Minoh beer is the sign of a good shop
The Bowl
Normally I'm a fan of rich miso, but as Shiogensui showed me with shio ramen, Mitsukabozu proved to me how powerful a light miso can be. In many ways it tasted like a light seafood miso soup, but the underlying miso flavors were much more like the miso tare found in ramen, as opposed to the style used in miso soup. The soft and delicate noodles matched the soup, pulling up the subtle flavors in just the right dose. The thick, chewy menma provided contrast to the bowl as a strong palette cleanser, while the chashu fit the theme of the bowl, being thin and balanced in flavor. If there was one thing I didn't like about the bowl, it was that there was a bit too much of the chives. They were good in small doses, but towards the end of the bowl their garlicky flavor overwhelmed the rest of the soup.


Would I Go Again?


Should You Go?


味噌らーめん みつか坊主

Monday, November 3, 2014

Fukuryu Ramen Wadachi

Honmachi is not known for its ramen shops, but every once in a while, an interesting one pops up. This time the new shop is Fukuryu Ramen Wadachi, by the Yotsubashi side of Honmachi Station. I didn't know much about it, so I walked over there and sat down for a bowl.


The Bowl
Their standard bowl was a super creamy tori paitan. Underneath the deep chicken flavors were subtle accents of yuzu, and a pepperiness that I couldn't quite put my finger in, but may have been Szechuan peppercorn. The medium, firm noodles carried the yuzu flavor, and reminded me of Bokkoshi in how pasta-like this ramen was. Mixed up with a light yuzu-strip of chashu and a creamy half-boiled egg, this ramen left me in the state that much good ramen does: wanting more.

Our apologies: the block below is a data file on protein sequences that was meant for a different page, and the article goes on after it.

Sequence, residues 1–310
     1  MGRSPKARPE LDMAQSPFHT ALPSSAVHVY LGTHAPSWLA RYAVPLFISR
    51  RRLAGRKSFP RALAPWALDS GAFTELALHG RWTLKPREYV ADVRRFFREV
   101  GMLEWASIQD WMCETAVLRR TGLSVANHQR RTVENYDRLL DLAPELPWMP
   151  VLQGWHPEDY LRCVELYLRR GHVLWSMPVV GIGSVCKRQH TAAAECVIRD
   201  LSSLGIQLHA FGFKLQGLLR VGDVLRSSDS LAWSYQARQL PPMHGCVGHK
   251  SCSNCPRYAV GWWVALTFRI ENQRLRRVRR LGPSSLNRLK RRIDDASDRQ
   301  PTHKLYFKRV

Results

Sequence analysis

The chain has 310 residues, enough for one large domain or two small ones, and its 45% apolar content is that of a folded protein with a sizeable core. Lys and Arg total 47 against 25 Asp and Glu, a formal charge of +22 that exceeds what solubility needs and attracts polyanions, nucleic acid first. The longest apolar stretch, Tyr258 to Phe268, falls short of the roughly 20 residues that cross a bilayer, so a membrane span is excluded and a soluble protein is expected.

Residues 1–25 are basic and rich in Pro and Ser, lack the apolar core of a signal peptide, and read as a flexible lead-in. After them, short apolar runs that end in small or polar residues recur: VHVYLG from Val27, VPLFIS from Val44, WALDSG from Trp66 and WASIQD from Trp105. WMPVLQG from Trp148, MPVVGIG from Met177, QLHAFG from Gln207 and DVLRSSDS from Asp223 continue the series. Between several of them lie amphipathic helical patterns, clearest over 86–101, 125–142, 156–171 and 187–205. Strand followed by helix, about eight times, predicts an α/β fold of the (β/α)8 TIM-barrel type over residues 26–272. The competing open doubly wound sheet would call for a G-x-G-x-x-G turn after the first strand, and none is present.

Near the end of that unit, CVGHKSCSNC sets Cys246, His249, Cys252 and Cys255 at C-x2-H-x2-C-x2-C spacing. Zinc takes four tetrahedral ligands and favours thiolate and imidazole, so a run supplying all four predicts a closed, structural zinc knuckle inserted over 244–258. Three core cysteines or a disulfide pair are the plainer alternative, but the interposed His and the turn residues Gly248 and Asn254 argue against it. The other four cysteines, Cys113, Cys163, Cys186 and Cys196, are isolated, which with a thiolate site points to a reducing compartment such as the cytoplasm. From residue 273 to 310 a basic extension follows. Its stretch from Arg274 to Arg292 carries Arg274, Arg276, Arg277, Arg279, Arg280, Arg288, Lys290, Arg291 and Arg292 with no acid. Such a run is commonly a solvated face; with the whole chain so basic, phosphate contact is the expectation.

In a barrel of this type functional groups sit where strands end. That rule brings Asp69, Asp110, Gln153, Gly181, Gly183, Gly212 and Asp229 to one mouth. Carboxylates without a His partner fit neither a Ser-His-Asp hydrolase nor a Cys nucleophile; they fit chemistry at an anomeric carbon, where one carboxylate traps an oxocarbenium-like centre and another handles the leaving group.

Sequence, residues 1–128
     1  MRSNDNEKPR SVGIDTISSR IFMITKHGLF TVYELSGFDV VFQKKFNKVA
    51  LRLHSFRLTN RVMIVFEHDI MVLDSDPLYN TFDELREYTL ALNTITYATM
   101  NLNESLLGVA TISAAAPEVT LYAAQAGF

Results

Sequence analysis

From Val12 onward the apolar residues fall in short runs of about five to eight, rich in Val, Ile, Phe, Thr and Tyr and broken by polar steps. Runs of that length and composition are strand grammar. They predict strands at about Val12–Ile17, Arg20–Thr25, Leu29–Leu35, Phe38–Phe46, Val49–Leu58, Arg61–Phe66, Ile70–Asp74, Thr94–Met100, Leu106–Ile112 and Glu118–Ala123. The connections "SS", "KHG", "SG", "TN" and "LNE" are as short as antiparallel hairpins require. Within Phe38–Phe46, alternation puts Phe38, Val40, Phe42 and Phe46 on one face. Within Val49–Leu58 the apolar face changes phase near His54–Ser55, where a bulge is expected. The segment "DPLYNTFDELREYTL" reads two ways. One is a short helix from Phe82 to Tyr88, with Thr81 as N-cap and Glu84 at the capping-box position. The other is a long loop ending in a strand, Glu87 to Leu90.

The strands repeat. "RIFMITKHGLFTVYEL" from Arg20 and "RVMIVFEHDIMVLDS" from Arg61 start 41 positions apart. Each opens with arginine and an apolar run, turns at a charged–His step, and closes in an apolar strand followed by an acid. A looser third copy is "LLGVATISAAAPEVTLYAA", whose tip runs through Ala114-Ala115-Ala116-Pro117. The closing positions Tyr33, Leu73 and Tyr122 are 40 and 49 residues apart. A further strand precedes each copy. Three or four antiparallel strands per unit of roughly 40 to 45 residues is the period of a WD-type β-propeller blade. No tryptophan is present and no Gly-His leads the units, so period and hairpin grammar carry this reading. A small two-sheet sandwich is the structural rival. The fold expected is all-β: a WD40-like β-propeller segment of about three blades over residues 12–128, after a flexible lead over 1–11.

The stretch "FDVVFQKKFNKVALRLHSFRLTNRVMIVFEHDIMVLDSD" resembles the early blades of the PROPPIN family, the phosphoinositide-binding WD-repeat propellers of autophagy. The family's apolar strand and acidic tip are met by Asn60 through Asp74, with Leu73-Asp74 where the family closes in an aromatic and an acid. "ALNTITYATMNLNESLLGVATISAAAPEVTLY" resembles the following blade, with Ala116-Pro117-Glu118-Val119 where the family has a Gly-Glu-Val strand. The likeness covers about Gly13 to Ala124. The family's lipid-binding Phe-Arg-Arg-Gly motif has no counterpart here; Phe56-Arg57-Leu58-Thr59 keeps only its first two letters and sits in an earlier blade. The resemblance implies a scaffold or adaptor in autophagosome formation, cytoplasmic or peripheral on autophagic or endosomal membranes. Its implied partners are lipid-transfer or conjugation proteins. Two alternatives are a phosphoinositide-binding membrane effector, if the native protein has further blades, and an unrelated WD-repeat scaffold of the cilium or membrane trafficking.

Would I Go Again?


Should You Go?


ふく流らーめん 轍

Tuesday, October 21, 2014


Despite the fact that I had a filling bowl of tsukemen earlier in the day, I found myself in Osaka at night and hungry. It was pretty late, and although usually I would prefer takoyaki at times like this, there was a new hot late night ramen shop I wanted to try.

Shi43ya (pronounced Shijimiya) is named after shijimi, a shellfish featured in their main shijimi shio ramen.  It's hidden in an alley by a bunch of bars, so it's hard to notice. I was tempted to go for the shijimi miso ramen, but for my first time I had to stick with the classic shio.



The Bowl
This was shio ramen at its simplest, yet with the unusual twist of a bunch of clams thrown into the mix. The broth itself very light, salty, and clear; kind of like a thin clam soup, as opposed to some of the richer shios I've had before. I would generally prefer something a bit deeper, but for late night post (or mid) drinking, the simple soup, chewy noodles, and clams are a refreshing way to hopefully keep that hangover away.


Would I Go Again?
Yeah maybe, if the conditions were just right.


Should You Go?
If you like late night shio, this place is for you.



Monday, October 13, 2014

Tsukemen Man

As a continuation of cherry blossom season, I took an all-too-rare visit to Kyoto to go to another hanami event. With an opportunity like that, though, I decided I needed to stop and get a bowl of ramen on my way there. Nearby Demachiyanagi there's not a ton of shops; but there is one I've had my eye on: Tsukemen Man. They embraced their name and offered up a specially made rich gyokai tonkotsu tsukemen.


The Bowl
The broth was a mostly by-the-numbers thick gyokai mix; though it was a bit too rich and salty. The noodles made up for that as they were thick and shiny, easy to pick up yet resilient enough to take in a lot of soup and add a light egg flavor of their own. The chashu was good, though like the soup too, a bit salty, and over time it became harder to finish the bowl.


Would I Go Again?
I'll try another place in Kyoto next time I'm there.


Should You Go?
If you want some tuskemen in Demachiyanagi, otherwise go somewhere else.